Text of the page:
Australian Institute of Health and Welfare 2017. Housing Assistance in Australia 2017. Cat. no. WEB 189. Canberra: AIHW. Viewed 23 October 2019, https://www.aihw.gov.au/reports/housing-assistance/housing-assistance-in-australia-2017
Australian Institute of Health and Welfare. (2017). Housing Assistance in Australia 2017. Retrieved from https://www.aihw.gov.au/reports/housing-assistance/housing-assistance-in-australia-2017
Housing Assistance in Australia 2017. Australian Institute of Health and Welfare, 13 July 2017, https://www.aihw.gov.au/reports/housing-assistance/housing-assistance-in-australia-2017
Australian Institute of Health and Welfare. Housing Assistance in Australia 2017 [Internet]. Canberra: Australian Institute of Health and Welfare, 2017 [cited 2019 Oct. 23]. Available from: https://www.aihw.gov.au/reports/housing-assistance/housing-assistance-in-australia-2017
Australian Institute of Health and Welfare (AIHW) 2017, Housing Assistance in Australia 2017, viewed 23 October 2019, https://www.aihw.gov.au/reports/housing-assistance/housing-assistance-in-australia-2017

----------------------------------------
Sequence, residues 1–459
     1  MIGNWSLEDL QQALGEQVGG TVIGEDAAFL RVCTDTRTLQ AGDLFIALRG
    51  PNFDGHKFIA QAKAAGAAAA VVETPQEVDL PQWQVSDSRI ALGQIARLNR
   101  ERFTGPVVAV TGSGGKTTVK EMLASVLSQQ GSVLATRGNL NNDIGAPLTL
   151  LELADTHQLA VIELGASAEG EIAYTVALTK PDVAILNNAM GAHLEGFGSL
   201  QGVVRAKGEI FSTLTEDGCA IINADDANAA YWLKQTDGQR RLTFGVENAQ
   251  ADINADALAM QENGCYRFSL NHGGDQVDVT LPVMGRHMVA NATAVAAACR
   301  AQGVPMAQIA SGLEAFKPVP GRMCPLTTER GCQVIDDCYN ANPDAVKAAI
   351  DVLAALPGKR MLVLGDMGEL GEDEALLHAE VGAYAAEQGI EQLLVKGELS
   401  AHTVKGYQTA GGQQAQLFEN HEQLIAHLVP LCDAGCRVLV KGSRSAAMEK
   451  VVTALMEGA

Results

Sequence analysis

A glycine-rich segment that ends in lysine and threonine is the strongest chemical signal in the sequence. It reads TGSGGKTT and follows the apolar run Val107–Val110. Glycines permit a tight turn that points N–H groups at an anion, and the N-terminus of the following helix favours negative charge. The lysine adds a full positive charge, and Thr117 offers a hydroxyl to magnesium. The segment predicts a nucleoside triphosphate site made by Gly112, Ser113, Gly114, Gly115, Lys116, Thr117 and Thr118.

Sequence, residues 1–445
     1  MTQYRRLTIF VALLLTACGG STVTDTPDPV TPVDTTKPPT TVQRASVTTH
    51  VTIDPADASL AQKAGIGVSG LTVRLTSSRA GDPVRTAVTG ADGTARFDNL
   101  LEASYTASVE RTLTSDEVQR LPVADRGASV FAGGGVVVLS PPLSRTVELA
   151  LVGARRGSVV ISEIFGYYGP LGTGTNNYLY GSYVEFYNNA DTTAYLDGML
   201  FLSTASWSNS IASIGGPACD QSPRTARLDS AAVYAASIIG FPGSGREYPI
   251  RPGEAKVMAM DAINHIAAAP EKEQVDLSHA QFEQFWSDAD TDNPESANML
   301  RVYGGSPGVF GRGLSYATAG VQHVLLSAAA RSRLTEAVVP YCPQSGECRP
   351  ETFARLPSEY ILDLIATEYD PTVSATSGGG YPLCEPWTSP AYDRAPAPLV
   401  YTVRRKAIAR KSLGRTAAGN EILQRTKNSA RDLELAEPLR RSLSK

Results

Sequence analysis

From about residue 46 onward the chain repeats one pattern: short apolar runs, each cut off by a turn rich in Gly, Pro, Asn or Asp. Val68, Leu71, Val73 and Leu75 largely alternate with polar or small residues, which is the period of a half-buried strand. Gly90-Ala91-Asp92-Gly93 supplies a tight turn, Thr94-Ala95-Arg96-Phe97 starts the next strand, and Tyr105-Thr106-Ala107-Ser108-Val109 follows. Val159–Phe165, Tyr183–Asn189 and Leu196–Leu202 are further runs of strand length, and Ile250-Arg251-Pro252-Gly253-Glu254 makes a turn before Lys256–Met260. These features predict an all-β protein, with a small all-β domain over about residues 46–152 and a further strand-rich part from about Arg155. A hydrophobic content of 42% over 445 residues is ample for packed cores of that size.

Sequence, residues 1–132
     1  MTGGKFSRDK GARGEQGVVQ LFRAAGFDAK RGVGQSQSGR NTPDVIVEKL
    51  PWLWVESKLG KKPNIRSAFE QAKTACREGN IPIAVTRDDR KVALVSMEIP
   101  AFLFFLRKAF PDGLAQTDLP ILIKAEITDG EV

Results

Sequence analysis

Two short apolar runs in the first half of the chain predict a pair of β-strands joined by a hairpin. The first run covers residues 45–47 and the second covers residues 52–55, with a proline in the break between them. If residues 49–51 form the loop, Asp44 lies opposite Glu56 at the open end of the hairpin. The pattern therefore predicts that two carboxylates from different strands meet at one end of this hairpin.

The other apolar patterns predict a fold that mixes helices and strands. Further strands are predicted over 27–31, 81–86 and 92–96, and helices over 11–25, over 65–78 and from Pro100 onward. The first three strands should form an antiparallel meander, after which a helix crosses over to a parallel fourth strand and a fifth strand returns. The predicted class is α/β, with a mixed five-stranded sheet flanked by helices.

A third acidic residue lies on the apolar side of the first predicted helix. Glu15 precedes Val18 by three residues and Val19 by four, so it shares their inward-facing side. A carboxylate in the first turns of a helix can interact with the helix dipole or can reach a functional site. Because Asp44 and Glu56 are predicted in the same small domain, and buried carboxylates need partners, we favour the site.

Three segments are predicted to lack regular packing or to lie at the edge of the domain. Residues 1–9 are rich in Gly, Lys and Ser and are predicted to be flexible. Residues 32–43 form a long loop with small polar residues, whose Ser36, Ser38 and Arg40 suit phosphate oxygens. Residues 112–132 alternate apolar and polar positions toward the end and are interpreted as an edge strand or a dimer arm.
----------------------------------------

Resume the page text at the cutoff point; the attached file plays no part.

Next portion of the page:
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Housing assistance in Australia 2017 provides up-to-date information relating to government funded provision of social housing, rent assistance, purchase assistance and support services to help households maintain their tenancies.
Waitlists for social housing remain long, with 194,600 households awaiting social housing allocation as at 30 June 2016
Mainstream community housing continues to grow, increasing 81% since 2009–10 to 80,200 dwellings in 2015–16
Nationally between 4% and 9% of dwellings were considered overcrowded, with between 12% and 25% underutilised
845,000 tenants in 394,300 households were living in the main social housing programs across Australia in 2015–16
The National Social Housing Survey (NSHS) is a national survey that collects information about a range of social housing tenancy experiences across Australia by geography and remoteness. In 2016, the NSHS was conducted across three social housing programs: public housing, state-owned and managed Indigenous housing (SOMIH) and mainstream community housing (Indigenous community housing was out of scope for the 2016 survey).
Tenant satisfaction is defined as the proportion of tenants in social housing who reported they were satisfied or very satisfied with the overall services delivered by their housing provider. In 2016, tenants in community housing were consistently more satisfied with the services delivered by their housing provider (80%) compared with other social housing providers (73% for public rental housing and 68% for SOMIH) (Figure NSHS.1). Satisfaction among SOMIH tenants has risen from 58% in the 2014 survey to 68% in 2016 (see supplementary tables).
SOMIH = state-owned and managed Indigenous housing
Source: National Social Housing Survey: A summary of national results 2016. Supplementary Table S1.